Intelligent Design

How Controversies Within Evolution Add Up to a Controversy About Evolution

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It is often said that while there are many controversies within evolution as to the specifics of how evolution works, there is no controversy about the fact of evolution. Often times, when ID’ers talk about problems with evolutionary theory, they are accused of misrepresentation — that certainly there are controversies about aspects of evolution, but not controversies about the fact of evolution itself. Thus, any amount of doubt that might be brought on by these criticisms are washed away by the fact that these are mere quibbles over details.

However, the truth is that many of these controversies are pointing somewhere, though sometimes connecting the dots explicitly is sometimes difficult to do. However, recently Paul Nelson wrote an wonderful post about just one controversy which could shake evolution’s foundation to its core — the micro/macro debate. On one side are those who are population geneticists, who say that you can’t have giant sweeping mutations that make huge jumps all-at-once — that all evolution must follow standard population genetics. On the other side are the developmental biologists, who point out that the integrated nature of the developmental circuitry governing body plans mean that evolution _must_ occur in big jumps all-at-once. Now, both of these sides fully believe in evolution. So let’s see what Paul has to say about this:

Suppose that, for his part, Coyne is right that viable macromutations don’t happen, and that the rules of population genetics must be obeyed in any evolutionary scenario.

But suppose that, for their part, Erwin and Davidson are right about the signal of the fossil record (rapid discontinuity) and the nature of body plan specification (novel architectures can’t be built incrementally, because that’s not how they work developmentally).

What happens to the theory of the common descent of the animals? — a theory, by the way, that all parties to this dust-up hold as a given.

That’s the body prone on the barroom floor. Unconscious, and bleeding all over the place.

Now, the interesting thing is that while I am with Nelson and disagree with common descent myself, the only legitimate way to save common descent is with ID. Holistically designed parts is the only way through this. There may have been a common descent that occurred, but it certainly didn’t occur without massive frontloading or the continuous intervention of a designer. The holistic nature of many biological structures points to a designed origin. These structures may have developed from previous types, but they did not evolve along non-telic lines.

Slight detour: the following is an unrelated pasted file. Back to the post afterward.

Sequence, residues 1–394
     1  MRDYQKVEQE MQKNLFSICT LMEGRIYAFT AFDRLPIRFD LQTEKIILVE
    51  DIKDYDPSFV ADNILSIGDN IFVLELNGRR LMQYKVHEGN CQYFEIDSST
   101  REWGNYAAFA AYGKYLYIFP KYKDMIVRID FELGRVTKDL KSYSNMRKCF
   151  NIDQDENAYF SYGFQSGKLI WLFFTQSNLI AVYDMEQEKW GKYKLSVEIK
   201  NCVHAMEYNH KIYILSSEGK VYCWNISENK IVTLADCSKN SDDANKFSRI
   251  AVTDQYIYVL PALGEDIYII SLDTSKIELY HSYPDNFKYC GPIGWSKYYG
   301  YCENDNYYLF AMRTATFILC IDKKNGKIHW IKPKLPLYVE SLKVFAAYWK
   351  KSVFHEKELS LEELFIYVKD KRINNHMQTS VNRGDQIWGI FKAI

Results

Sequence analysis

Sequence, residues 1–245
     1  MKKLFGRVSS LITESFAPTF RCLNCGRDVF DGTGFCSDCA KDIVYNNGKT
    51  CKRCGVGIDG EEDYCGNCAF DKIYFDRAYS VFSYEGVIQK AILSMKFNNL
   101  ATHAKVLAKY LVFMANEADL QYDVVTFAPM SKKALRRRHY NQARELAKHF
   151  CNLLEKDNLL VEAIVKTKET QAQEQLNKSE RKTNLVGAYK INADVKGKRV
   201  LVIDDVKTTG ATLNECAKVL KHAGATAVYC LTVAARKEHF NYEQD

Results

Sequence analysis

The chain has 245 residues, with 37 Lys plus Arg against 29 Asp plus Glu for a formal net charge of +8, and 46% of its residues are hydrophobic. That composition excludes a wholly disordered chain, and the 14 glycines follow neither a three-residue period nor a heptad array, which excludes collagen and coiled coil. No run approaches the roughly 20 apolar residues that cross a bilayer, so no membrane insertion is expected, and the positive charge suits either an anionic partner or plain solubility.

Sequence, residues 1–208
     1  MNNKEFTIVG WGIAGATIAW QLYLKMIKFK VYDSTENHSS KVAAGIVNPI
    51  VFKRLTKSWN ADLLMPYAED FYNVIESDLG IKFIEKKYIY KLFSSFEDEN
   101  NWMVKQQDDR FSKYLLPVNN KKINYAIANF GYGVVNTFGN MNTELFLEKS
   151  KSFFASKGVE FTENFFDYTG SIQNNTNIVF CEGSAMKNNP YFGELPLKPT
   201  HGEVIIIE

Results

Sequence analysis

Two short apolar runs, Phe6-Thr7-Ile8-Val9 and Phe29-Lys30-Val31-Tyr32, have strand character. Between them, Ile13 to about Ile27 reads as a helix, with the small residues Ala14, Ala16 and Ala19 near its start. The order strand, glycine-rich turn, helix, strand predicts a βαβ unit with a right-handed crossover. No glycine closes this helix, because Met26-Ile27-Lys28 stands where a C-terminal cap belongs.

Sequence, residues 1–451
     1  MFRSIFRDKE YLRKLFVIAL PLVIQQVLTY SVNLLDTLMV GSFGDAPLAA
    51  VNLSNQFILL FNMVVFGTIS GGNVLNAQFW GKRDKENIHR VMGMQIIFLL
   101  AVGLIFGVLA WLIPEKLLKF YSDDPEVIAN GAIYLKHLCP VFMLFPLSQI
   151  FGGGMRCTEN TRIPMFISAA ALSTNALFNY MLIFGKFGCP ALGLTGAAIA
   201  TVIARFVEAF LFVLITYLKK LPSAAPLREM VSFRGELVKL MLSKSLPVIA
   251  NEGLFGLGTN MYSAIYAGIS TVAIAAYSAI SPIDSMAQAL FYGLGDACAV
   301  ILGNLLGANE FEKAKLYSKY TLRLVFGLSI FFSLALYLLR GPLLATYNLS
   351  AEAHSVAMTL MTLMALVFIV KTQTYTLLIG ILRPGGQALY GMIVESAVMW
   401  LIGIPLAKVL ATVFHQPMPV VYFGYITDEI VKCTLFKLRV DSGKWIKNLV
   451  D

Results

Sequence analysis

And this is why, in a larger context, controversies within evolution do in fact often point towards a controversy about evolution itself. The bibliographies of biology papers expressing problems with evolution are valid even when their authors themselves don’t think that their results cast doubt on evolution itself. When you start adding up the problems within evolutionary theory, because of cases like this that it quickly becomes apparent that there is a larger problem not being discussed that isn’t within evolutionary theory, it is about evolutionary theory.

But that’s the unconscious and bleeding body on the floor that noone wants to speak of.

40 Replies to “How Controversies Within Evolution Add Up to a Controversy About Evolution

  1. 1
    johnnyb says:

    Also, just a reminder for those of you who thought that holistic (irreducibly complex) structures couldn’t evolve — they can, just not Darwinistically (a-teleologically).

  2. 2
    scordova says:

    Whoa! Sometimes I forget to visit idthefuture.

    By the way, I couldn’t find (pt 1).

    Great thread johnnyb!

    Sal

  3. 3
    johnnyb says:

    It’s not labelled “part 1” or anything. It’s just posted as You Read That Right.

  4. 4
    scordova says:

    The one resolution to all this is to say Darwinian evolution is not the mechanism for evolution. Kimura (a population geneticist) proved the majority of molecular evolution could not be Darwinian. This was problematic of course! The kluge to resolve the impasse between Kimura and Darwin was to say most molecular evolution has no functional significance (hence some support for the junk DNA viewpoints), but Darwinism still accounts for the functional stuff.

    Well, now Darwinism could get clobbered by the developmentalists like Davidson. The irony:

    1. Population geneticists blew Darwin out of the water for the majority of molecular evolution